Monday, May 12, 2008

It's National Children's Book Week!

This weekend was so wonderful. On Saturday, Darren took care of the girls for the entire day so my friend Becky and I could spend the day shopping. We had lunch and went to all sorts of girly little shops with table accessories and soap dishes and placemats and such with no one to rush us out or say it was boring or alarmingly finger all the breakables. It was great.

Mother's Day itself we spent over at my parents' house. My mom had made all of us a delicious Sunday dinner, which seemed wrong--we should have cooked for her! But...I didn't argue. I printed out the tribute I wrote to her and also to her mom, slipped them in an envelope, and left them on her pillow without mentioning anything to her (oh and my mom does not read my blog, so she'd never seen the tributes before. I give her a hard time about that, but she has dial-up and is not very computer friendly anyway so...) It was really cool because my mom rarely mentions her mother, but after my dad prayed for the food and before we started eating, my mom offered a toast (we always toast before the meal on holidays and birthdays). For the first time ever, she toasted her own mom (and got choked up doing it) and we all raised our glasses to Matie!

We had a great time eating and chatting, and the girls played with all the toys my parents have stored at their house. It was all going well until an un-napped Elaine went Defcon 1 over the appropriate way to put two baby dolls to bed, so we left. If you're anywhere in the Tri-State Area, I'm guessing you heard her screams around 3 p.m. yesterday. She was asleep almost by the time we got to the end of the driveway.

And, as I said in the title, this week is National Children's Book Week, so hopefully I'll try and highlight a number of our favorites over these next few days. Feel free to chime in with any of yours in the comments.

This is the one we're currently reading. (Actually, we have a three-volume Mrs. Piggle-Wiggle treasury.) I read these books in elementary school and absolutely loved them. Mrs. Piggle-Wiggle is the widow of a pirate who lives in an upside-down house. She loves children and knows absolutely everything there is to know about them. Each chapter focuses on a particular child with a particular bad habit. The harried mother first phones her various friends (who have hilarious names such as "Mrs. Broomrack," "Mrs. Moohead," "Mrs. Crankminor," etc.) They advise her to call Mrs. Piggle-Wiggle who knows everything and will be able to help. (Yes, each chapter is a bit formulaic, but it doesn't detract from the fun. In fact, Lucy loves hearing about the naughty child and then the distressed mother's phone call, and will always chime in, "Call Mrs. Piggle-Wiggle!")

All of the books are good, but the first volume is the best. The reason is that the "cures" Mrs. Piggle-Wiggle recommends are simply common sense, while in the later books she employs magic. The first book has chapters such as "The No-Pick-Up-Toys Cure," "The Slow-Eater-Tiny-Bite-Taker Cure," "The Fighter-Quarrelers Cure," "The Never-Want-to-Go-to-Bedders Cure," etc. For the little boy who never picked up his toys, she recommends that his mother stop cleaning his room and let little Hubert play as much as he wants and never put anything away. He finally has so many toys out that he is unable to get out of his room, and his mother has to send his dinner up on a rake through the window, and his father sends up the garden hose for him to drink from. He finally realizes that the only way to get out of his room and go play with the other kids is to put everything away neatly. Possibly the most hilarious cure is for Patsy, the little girl who never wanted to take a bath. Mrs. Piggle-Wiggle recommended that her parents let her get as dirty as she wanted and never bathe. When she had about a quarter inch of topsoil on her, they were to plant radish seeds on her skin while she was asleep. Patsy was so horrified when the radishes sprouted that she spent the rest of the day in the shower.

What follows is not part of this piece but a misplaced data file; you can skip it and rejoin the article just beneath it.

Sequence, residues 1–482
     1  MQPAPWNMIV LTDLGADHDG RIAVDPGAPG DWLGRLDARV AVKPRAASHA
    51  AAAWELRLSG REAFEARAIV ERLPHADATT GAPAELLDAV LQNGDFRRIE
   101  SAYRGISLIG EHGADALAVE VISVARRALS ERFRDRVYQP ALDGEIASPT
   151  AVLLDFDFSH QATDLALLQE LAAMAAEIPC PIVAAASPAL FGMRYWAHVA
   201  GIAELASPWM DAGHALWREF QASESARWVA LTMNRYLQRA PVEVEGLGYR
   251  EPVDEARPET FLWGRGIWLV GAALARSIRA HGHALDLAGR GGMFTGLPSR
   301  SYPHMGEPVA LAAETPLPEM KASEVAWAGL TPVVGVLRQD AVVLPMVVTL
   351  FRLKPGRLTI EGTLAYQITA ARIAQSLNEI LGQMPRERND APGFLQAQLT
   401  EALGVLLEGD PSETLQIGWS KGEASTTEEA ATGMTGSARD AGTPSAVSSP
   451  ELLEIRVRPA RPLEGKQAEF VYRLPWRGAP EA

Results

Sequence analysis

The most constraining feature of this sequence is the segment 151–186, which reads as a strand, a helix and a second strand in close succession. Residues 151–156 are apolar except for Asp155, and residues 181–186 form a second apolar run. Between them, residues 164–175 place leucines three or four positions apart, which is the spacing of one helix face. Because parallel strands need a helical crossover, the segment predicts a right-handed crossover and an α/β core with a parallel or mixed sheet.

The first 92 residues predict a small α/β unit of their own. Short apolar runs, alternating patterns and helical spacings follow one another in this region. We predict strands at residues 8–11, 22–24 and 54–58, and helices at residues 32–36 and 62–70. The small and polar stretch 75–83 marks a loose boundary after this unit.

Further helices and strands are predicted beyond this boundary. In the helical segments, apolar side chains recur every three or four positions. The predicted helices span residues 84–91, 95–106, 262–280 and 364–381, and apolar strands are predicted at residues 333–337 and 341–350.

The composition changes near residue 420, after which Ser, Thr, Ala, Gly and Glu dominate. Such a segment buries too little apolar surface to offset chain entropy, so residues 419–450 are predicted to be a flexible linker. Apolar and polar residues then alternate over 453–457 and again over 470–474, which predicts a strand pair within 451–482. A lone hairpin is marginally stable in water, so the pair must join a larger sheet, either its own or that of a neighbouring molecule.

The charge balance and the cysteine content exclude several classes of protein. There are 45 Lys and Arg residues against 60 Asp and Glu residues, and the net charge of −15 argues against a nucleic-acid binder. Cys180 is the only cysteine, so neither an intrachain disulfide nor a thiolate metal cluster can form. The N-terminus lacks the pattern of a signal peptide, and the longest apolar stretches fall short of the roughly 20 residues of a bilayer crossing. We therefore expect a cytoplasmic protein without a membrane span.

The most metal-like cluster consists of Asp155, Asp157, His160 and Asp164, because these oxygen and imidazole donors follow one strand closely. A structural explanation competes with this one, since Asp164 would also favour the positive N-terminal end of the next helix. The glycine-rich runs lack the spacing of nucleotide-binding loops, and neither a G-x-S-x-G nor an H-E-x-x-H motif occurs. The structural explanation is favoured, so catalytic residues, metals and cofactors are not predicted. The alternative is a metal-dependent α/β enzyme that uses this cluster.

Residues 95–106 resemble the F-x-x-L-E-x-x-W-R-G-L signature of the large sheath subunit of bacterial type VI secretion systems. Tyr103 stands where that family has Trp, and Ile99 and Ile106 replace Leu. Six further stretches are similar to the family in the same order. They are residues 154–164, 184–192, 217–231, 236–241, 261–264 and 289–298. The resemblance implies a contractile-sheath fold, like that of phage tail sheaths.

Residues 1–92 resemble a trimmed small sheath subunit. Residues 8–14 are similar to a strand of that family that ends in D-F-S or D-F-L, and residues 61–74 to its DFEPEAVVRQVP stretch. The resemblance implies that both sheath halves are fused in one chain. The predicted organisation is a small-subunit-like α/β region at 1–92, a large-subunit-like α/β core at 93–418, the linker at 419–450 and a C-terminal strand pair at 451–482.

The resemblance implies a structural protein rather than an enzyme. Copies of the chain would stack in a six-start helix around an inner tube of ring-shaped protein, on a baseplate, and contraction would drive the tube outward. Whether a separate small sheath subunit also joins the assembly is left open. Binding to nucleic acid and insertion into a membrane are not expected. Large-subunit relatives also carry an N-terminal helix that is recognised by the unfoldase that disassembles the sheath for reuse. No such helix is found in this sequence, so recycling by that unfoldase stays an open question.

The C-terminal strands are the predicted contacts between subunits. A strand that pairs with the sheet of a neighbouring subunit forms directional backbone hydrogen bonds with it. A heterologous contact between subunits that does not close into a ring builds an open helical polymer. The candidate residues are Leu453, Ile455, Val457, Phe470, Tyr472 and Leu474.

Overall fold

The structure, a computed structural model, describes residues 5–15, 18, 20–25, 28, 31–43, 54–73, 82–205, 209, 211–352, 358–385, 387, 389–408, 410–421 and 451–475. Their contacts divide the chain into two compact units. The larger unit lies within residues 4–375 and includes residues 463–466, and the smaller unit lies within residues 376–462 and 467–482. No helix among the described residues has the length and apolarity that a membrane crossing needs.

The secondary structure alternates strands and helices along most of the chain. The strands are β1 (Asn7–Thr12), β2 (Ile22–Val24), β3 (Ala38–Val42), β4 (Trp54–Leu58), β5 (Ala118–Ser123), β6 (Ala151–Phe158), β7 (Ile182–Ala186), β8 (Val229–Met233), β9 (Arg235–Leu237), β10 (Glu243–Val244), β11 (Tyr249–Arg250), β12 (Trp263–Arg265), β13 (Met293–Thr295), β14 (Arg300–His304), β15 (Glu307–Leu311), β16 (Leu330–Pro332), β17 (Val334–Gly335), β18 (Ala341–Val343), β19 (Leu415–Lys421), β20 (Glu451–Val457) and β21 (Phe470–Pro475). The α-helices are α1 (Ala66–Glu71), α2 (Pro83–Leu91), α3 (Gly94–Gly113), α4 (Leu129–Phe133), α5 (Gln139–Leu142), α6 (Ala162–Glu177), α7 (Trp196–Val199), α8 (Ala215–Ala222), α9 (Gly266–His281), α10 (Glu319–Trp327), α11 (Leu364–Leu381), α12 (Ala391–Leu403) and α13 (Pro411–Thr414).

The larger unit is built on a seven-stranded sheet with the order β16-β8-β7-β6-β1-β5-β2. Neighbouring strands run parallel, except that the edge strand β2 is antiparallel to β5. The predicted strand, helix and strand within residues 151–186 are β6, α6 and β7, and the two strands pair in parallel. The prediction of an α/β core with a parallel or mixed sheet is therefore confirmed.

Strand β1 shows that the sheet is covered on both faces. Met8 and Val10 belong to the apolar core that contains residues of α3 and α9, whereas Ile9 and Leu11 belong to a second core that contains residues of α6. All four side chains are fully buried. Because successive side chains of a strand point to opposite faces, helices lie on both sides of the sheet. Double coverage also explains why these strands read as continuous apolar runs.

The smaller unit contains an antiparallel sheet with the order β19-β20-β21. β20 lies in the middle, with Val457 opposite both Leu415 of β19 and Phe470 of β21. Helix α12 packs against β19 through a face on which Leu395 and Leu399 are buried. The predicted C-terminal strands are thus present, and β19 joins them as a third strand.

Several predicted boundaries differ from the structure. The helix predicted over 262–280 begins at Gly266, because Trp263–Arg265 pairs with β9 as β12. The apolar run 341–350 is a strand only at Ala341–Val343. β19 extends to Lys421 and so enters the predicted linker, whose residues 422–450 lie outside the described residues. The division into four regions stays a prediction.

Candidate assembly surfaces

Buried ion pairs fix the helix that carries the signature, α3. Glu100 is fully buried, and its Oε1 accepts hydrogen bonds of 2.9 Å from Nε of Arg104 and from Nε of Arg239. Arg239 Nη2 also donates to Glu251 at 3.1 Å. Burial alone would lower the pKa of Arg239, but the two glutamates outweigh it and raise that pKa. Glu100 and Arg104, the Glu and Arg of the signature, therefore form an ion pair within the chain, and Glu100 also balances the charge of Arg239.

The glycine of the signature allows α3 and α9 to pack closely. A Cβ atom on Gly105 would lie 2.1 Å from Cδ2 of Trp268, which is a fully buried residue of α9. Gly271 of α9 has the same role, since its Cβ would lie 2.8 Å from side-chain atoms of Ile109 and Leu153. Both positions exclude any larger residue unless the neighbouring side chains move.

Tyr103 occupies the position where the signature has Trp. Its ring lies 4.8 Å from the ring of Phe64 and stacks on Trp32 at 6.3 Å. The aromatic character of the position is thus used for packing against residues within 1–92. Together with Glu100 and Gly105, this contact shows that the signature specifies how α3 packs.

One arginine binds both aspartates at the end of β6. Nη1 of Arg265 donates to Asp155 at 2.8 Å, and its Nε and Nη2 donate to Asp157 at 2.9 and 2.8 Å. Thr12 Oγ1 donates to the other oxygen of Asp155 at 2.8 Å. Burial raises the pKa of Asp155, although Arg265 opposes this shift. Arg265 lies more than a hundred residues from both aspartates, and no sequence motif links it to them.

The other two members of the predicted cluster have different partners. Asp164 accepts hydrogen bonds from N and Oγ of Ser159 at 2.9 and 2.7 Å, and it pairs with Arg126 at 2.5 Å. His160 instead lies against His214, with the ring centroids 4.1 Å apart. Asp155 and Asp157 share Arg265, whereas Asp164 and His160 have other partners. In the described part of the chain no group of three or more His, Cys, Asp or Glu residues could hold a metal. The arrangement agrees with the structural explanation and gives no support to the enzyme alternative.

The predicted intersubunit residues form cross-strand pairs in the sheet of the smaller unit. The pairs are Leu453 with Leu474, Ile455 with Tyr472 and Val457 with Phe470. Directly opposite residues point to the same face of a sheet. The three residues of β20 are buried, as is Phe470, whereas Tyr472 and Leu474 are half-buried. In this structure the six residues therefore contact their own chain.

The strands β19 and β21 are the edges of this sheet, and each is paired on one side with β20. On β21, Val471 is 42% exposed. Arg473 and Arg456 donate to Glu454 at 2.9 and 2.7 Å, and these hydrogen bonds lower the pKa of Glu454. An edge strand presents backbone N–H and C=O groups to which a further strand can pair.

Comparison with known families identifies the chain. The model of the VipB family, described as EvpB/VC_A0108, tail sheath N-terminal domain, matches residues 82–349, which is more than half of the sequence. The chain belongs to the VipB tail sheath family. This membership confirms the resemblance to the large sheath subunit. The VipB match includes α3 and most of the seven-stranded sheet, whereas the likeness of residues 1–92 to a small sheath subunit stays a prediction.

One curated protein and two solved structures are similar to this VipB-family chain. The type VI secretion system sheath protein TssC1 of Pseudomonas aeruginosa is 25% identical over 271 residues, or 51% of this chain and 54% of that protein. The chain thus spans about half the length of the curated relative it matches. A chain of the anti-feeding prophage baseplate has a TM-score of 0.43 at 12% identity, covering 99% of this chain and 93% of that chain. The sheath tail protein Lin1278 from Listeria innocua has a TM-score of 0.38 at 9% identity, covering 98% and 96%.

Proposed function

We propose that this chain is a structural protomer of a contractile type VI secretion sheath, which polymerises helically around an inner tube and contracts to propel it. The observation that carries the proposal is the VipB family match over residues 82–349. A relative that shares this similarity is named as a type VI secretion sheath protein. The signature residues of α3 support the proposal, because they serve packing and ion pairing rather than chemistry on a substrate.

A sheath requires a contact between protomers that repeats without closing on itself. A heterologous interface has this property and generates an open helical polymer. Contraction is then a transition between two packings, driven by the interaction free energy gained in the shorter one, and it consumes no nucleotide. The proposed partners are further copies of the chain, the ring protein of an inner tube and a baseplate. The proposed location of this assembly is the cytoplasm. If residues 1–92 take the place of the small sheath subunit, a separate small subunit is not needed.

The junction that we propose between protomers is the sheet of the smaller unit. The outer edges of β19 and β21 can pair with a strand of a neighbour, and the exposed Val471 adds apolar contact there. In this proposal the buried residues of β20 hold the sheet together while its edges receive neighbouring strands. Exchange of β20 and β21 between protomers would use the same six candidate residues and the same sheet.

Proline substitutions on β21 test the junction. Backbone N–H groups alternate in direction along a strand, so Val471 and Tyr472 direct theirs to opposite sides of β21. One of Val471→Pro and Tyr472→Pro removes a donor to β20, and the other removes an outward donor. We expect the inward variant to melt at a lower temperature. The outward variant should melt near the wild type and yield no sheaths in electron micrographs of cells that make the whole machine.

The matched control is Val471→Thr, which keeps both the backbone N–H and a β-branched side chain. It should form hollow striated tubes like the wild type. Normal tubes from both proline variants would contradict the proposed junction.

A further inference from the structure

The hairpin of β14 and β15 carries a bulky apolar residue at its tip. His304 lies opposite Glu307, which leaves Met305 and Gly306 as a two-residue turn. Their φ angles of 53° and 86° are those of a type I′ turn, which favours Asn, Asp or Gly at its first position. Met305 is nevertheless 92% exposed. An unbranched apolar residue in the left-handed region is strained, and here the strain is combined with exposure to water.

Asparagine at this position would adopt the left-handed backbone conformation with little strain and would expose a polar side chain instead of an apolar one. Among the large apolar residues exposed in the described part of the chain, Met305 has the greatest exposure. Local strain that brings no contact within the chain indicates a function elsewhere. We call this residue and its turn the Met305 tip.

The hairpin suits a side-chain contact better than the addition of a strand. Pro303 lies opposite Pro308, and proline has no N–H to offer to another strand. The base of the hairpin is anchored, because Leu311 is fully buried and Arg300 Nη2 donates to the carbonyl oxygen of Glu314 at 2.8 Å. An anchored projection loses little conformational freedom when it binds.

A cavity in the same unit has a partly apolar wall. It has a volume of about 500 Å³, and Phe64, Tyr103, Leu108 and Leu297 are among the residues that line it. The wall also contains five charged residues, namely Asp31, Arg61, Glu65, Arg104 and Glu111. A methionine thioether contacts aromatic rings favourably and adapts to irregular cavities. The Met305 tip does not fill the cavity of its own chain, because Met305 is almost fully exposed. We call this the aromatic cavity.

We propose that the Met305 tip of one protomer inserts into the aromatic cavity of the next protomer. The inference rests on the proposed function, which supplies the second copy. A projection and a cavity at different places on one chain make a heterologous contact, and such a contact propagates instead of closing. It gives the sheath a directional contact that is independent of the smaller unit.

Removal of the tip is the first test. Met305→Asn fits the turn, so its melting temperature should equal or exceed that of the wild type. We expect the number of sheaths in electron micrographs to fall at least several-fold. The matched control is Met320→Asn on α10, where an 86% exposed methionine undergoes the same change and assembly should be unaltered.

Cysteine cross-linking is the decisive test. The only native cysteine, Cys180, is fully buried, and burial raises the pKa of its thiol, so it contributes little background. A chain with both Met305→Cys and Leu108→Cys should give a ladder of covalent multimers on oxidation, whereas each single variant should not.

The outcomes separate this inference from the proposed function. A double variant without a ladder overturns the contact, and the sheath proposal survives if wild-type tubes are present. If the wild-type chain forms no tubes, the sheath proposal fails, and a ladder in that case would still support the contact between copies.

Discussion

As I said, the other books are extremely enjoyable too, but the cures involve magic pills and potions instead of simply letting the child reap the fruits of their bad behavior. For the little girls who won't stop whispering, she provides candy sticks that make everything they say inaudible. For the little boy who won't stop showing off, she recommends a powder that makes him invisible every time he starts acting up. Stuff like that.

The illustrations for all the books are done by Hilary Knight, whom I just love (well, his illustrations. I don't know him. And he might be dead for all I know.) Anyway, they're whimsical and add a lot to the stories. Some of the newer editions have different cover art--I don't know why--but it annoys me to no end.

Even though the first book was published in 1947, children still have the same naughty behaviors so they're just as much fun to read. I'm really enjoying going through them again, and I'm loving hearing every evening and off and on during the day too, "Mom, can we sit down and read some more 'Mrs. Piggle-Wiggle'? Pllleeeeasssse?"


Ann-Marie said...

Boy, this was an eye-opener! I loved to read young adult books, but I really can't recall ANY books I read as a little kid! NOT. A. ONE. Sad!

I know I read, because we didn't have a TV, but what I couldn't tell you. I do remember Pippi Longstocking, the Ingalls, and the Woodlawns!

Melanie said...

I too am always amazed by your ability to recall so vividly the way you passed time in childhood. It's magic I swear! Anyway, once again - more books I never knew existed and feel I sorely missed out on. Luckily, now I know and Cole will reap the benefits!